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Climate change adaptation

Circular business models

Energy recovery from wastewater


Urban wastewater treatment and its potential for the city

Globally, 80% of all wastewater is neither collected nor treated adequately. This poses a significant negative impact on both environment and human health. Combined with new challenges from a changing climate, urban wastewater management must move from wastewater treatment to resource and energy recovery.

Urban population growth means wastewater treatment plants (WWTPs) must treat an increasing volume of wastewater in order to secure the health of the local population and water environment. It is important that both large centralised and small decentralised plants can discharge the treated wastewater without harming the recipient, whether it is the sea or a small stream.

Danish WWTPs operate under strict requirements for improved treatment of wastewater. The wastewater sector has spent many years refining and developing technologies that treat wastewater to a high level (through primary, secondary and tertiary treatment) to ensure that it does not contaminate the recipients. Combined with a taxation system which incentivises WWTPs to treat the wastewater beyond the legal requirements, this has resulted in
outlet concentrations which contain far less discharged material (only 20-70 % compared to the legal limits), according to a study from the Danish Water and Wastewater Association (DANVA).

Liveable cities depend on successful wastewater management

Sewage collection and treatment systems play a key role in creating liveable cities where recreational activities are possible along the city’s harbours, lakes, or rivers. In Denmark, blue-green cities, harbour baths and other recreational facilities would not have been possible without well-managed wastewater infrastructure. Climate change is putting increasing pressure on wastewater infrastructure in cities around the world. A common challenge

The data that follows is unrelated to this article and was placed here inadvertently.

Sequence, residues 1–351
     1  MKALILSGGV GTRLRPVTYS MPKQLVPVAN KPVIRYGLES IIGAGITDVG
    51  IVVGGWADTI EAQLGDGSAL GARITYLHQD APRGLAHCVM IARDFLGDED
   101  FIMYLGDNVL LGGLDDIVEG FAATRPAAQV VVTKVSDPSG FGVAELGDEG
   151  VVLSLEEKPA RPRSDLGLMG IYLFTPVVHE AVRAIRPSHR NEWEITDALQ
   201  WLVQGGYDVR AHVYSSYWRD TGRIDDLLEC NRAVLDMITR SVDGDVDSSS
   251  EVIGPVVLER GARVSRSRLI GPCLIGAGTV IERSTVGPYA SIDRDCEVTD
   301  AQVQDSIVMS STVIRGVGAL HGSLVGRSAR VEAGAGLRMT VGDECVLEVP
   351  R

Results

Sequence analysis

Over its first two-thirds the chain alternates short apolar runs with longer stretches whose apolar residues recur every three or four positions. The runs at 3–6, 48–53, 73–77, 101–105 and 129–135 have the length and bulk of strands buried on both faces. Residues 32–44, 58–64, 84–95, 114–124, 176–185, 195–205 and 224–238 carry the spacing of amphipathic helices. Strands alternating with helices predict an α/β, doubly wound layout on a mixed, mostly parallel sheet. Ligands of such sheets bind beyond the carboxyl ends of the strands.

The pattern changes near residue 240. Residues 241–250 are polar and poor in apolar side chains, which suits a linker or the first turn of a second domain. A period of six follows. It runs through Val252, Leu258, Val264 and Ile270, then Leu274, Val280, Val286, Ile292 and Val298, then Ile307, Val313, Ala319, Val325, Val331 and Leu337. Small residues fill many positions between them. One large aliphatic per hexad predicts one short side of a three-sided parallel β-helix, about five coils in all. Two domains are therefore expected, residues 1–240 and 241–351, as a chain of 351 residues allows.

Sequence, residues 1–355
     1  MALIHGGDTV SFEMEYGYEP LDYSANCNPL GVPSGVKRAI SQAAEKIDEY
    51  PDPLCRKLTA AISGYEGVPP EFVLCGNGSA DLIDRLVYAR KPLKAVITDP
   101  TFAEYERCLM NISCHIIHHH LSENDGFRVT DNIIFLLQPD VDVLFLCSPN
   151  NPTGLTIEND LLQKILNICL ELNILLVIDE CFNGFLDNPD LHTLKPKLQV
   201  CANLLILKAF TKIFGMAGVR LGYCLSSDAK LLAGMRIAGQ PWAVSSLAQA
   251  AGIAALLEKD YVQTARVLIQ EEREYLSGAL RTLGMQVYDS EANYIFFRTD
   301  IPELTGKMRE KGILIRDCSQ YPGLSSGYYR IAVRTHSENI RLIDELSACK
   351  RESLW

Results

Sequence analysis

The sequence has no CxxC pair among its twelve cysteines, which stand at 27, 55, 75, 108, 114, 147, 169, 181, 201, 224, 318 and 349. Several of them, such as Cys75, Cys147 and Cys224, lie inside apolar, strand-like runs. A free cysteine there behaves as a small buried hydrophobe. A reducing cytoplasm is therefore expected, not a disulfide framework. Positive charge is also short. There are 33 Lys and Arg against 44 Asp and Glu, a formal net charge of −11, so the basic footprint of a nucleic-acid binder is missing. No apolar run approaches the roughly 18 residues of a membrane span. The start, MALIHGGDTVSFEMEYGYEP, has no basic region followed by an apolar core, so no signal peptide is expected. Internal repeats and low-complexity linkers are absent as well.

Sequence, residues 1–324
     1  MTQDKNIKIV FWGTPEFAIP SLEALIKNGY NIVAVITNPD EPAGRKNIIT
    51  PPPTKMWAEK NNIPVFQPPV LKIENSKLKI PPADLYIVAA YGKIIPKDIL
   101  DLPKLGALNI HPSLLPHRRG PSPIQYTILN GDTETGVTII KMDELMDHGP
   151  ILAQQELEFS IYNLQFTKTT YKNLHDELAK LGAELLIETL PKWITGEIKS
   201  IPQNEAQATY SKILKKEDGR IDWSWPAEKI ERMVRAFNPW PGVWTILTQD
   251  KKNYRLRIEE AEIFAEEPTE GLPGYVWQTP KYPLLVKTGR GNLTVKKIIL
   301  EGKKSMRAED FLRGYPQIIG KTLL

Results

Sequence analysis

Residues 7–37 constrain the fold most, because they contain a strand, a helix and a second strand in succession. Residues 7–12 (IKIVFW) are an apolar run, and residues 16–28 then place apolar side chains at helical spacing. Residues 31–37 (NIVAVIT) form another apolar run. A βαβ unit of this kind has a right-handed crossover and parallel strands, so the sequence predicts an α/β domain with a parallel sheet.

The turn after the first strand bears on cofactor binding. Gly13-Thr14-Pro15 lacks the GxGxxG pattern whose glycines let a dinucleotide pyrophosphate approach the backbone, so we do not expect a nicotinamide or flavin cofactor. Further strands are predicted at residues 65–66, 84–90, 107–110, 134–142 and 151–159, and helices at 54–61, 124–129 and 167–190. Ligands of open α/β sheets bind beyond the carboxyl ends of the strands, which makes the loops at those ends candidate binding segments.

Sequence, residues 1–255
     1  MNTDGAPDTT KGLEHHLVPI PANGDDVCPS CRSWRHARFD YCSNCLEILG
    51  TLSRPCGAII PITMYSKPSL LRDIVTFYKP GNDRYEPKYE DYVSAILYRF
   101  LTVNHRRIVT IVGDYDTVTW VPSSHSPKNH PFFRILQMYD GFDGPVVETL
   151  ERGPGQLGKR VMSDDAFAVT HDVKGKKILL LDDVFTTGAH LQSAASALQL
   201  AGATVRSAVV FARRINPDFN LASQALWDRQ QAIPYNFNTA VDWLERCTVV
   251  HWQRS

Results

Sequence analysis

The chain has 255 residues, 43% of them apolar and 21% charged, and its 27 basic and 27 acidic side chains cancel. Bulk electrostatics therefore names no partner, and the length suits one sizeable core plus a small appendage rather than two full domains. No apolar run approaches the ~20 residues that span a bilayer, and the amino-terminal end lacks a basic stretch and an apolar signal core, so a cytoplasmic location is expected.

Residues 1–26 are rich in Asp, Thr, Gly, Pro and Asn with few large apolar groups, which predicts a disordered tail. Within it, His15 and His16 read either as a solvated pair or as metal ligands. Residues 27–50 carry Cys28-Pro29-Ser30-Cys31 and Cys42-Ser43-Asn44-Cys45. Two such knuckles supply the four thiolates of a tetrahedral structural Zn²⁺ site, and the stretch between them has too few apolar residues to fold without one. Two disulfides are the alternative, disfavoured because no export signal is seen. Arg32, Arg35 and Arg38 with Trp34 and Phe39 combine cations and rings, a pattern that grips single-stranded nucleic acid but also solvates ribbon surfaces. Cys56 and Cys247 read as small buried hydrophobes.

is to ensure sufficient capacity in the sewer systems to prevent  verflows, especially in times of heavy rain. When redesigning the wastewater infrastructure, focus should also be on separating and treating stormwater from roads and other contaminated surfaces to prevent pollution.

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Powering the city through energy recovery

In alignment with the country’s overall green transition strategy,  the Danish water sector aims to become energy and climate neutral by 2030. To fulfil this ambition, a green conversion of the wastewater sector is currently taking place in Denmark. The starting point has been to focus on energy efficiency and energy recovery. Today, several plants are now net producers of energy, where the sludge is used to produce biogas and electricity and
excess heat is used in the district heating system. Recovery of energy by using heat pumps is also a new area for innovation and development.

From wastewater treatment to resource recovery

In the future, wastewater treatment needs to be designed in a way which allows for not only energy but also other resources (e.g., phosphorous) to be extracted and included in the circular economy while also ensuring that harmful substances do not reach the recipient. Considering wastewater as a resource is a  relatively new perspective and new knowledge and technology is still needed to recover valuable resources in the wastewater on
a commercial scale. Research and development in Denmark is dedicated to this field. Advanced membrane technology is already undergoing rapid development, but new specialised technologies  are still needed. Sorption technology that enables collection of low concentrations of valuable substances or pollutants will also have a prominent place in the future WWTP. For instance, new bacterial cultures need to be developed to produce base chemicals etc. WWTPs can be seen as production lines, where usable substances e.g., phosphorus and ammonium are removed along the way and other products are removed and further processed e.g., organic matter to produce biogas or base chemicals which can be used for high priced products in the pharmaceutical industry etc. Furthermore, wastewater from industries must be carefully reviewed to ensure that valuable components are separated. Of course, not all substances in the wastewater can be recovered as some will still need to be removed and degraded for the sake of
the purity of the products and the discharged wastewater.

You should consider reading

Circular business models
Climate change adaptation
Energy recovery from wastewater
Urban water management
Wastewater management
Wastewater treatment
Water management


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